- 1 Adventure Island, Adventure Island, Sunken Gardens, Western Esplanade, Southend on Sea, SS1 1EE, ☎ . A true Southend seafront landmark that has been entertaining families for over 40 years, Adventure Island is a small amusement park with various rides ranging from scary to serene. Entry is free, but to access the vast majority of rides you need to buy a wristband. There are varying colours and price bands for wristbands so it's best to check the website (you can also pre-book wristbands there, which is much cheaper). Opening times vary - please check the website. During the winter months the park usually only opens on the weekends.
- Adventure Inside, Adventure Island, Sunken Gardens, Western Esplanade, Southend on Sea, SS1 1EE, ☎ . A wet weather alternative to Adventure Island for families that is situated in the centre of the Adventure Island complex. It's also open during the winter when Adventure Island is closed. It's entirely indoors and has a handful of fairground rides including a carousel and a swinging pirate boat. The rest of the space has an indoor adventure play area and a large arcade. You can buy a wristband to access the rides, but the arcade is pay-as-you-go and you are given a free game card which you put money onto.
- 2 City Beach. The beaches in Southend stretch for miles along the seafront, with many small shops selling ice creams and doughnuts. City Beach, located between the Pier and Sealife Centre is the best. It has child-friendly fountains and a modern feel. Beyond the Sealife Centre and Southchurch Park the beaches continue but cafes and other facilities don't.
- 3 Three Shells Beach and Lagoon. The beach at the Three Shells, to the West of Adventure Island, is the most sandy. It has a climbing frame, showers, and a boating lake. It can easily become crowded on sunny bank holidays.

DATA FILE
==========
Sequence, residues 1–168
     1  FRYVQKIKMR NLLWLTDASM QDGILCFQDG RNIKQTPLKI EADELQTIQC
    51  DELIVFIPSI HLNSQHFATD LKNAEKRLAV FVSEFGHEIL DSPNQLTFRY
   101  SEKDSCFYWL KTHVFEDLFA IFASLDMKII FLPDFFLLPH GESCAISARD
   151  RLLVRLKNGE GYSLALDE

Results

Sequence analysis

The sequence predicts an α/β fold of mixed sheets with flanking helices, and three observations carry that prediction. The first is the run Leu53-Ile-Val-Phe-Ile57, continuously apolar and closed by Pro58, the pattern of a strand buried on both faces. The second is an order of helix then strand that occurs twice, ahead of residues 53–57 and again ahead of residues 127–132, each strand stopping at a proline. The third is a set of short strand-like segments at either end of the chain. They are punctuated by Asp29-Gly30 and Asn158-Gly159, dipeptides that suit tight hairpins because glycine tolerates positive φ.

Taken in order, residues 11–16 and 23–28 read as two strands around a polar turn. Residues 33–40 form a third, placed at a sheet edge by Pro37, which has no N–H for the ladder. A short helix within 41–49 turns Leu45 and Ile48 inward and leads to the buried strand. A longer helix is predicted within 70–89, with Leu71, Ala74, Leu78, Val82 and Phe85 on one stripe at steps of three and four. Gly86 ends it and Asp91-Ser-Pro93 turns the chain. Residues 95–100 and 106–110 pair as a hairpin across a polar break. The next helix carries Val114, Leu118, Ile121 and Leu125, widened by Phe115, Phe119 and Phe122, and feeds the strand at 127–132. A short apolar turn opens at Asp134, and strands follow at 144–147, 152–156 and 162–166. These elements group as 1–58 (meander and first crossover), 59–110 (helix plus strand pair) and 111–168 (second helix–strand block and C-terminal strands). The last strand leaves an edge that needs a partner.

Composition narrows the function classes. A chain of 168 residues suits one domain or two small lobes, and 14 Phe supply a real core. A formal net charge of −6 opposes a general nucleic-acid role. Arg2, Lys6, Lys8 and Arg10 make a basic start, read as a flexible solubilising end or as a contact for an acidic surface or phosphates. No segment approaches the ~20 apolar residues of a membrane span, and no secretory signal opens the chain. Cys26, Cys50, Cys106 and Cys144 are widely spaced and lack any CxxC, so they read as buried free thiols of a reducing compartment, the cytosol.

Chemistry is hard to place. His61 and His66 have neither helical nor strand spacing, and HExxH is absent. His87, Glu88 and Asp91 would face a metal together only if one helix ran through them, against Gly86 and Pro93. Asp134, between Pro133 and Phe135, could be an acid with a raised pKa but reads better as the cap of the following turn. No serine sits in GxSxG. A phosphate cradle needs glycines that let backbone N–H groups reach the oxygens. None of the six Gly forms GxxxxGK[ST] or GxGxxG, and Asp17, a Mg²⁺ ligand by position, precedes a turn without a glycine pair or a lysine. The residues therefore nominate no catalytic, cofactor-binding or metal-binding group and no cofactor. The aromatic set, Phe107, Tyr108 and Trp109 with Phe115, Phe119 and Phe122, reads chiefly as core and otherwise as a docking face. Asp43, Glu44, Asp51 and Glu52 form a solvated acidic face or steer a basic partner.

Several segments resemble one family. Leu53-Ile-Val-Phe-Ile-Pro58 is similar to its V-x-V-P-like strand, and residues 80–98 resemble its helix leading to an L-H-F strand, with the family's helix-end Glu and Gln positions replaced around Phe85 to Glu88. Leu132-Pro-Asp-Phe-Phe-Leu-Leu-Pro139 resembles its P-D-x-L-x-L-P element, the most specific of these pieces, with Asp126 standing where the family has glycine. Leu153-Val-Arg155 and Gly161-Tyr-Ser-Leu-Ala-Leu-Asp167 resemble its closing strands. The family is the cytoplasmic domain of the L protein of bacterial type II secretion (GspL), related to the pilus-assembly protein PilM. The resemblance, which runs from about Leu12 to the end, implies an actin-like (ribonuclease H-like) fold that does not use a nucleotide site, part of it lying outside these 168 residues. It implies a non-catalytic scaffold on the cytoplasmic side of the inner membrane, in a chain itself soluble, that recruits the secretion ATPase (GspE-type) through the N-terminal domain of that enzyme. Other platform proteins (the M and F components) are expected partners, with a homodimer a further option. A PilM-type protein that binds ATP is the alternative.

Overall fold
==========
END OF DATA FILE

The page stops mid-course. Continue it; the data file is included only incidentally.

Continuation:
- 4 Westcliff Beach. The beaches get quieter further from the pier, but there are still cafes regularly spaced to the west. The area around the Beach Hut in Westcliff is a local favourite: a quiet and traditional beach with an old tidal pool.
- 5 Amusement Arcades. Southend Seafront. Open all day all year round. The arcades are an area offering video game machines, bingo, pool tables and fruit machines. Games cost between 50p and £1 per game and the area is very popular during the summer months. Free to enter.
- Old Leigh. Leigh-on-Sea (nearest railway station: Leigh-On-Sea). The Old Leigh area is by the seafront around 3 miles from Southend and you can purchase freshly caught Thames cockles, winkes by the pint or half pint as well as a wide selection of other sea food. There's also a large selection of pubs and bars which are popular on summer evenings.
- The Old Leigh Regatta. Old Leigh (nearest railway station: Leigh-On-Sea). Days and times open. The regatta takes place during a weekend every September in Old Leigh (nearest station: Leigh-On-Sea) and there are many markets stalls, live bands, sailing and water-based activities and the bars open late into the evening. Free entry.
- 6 Hockley Woods and Cherry Orchard Way Park, Hockley (nearest railway station: Hockley). Hockley is the largest woodland area in Essex as well as a popular bird-watching site. The woods open out into Cherry Orchard Way Park, an area of meadow and farmland which is open to the public. Together, they form part of many nature walks, including the Saffron Trail. There are no facilities other than a car park and toilets (at Hockley Woods). Car parking is also available on Cherry Orchard Way, Edward's Hall Park and Gusted Hall Lane. Free.
- Belfairs Woods, Eastwood Road North, near Leigh on Sea (Easily accessibly by bus and car), . Open all year around. Has nature walks, a cafeteria, golf facilities and as large car park. Free to enter however you will have to pay to park.
- Belfairs Public Golf Course, ☎ . Belfairs Woods. Open all year around. Features a large public 18 hole golf course as well as a 9 hole pitch and putt course. 18 holes costs £12+ and pitch and putt is £2+.
- Garon Park Pitch and Putt, Garons Park. Open all year round. Second public golf course in Southend offering a driving range and 18 hole course.
- Waverley Boat Excursion. Southend Pier Head (Get the train to the end of the pier). Waverley run boat trips up and down the Thames from the Pier head all year around, leaving during the day as well as into the evening.
- 1 The High Street. Southend High Street is the major shopping centre for the area. Throughout the two shopping centres and the pedestrianised High Street itself are the normal selection of large chains, with a small scattering of independent shops. The north end (near Southend Victoria train station) has Victoria Plaza shopping centre and a cinema complex, while the south end (near the Pier) has the Royals Shopping Centre. The shops comprise a mix of travel agents, banks, building societies, telephone shops, stationers, and shoe shops; department stores are represented by Marks and Spencers and Debenhams.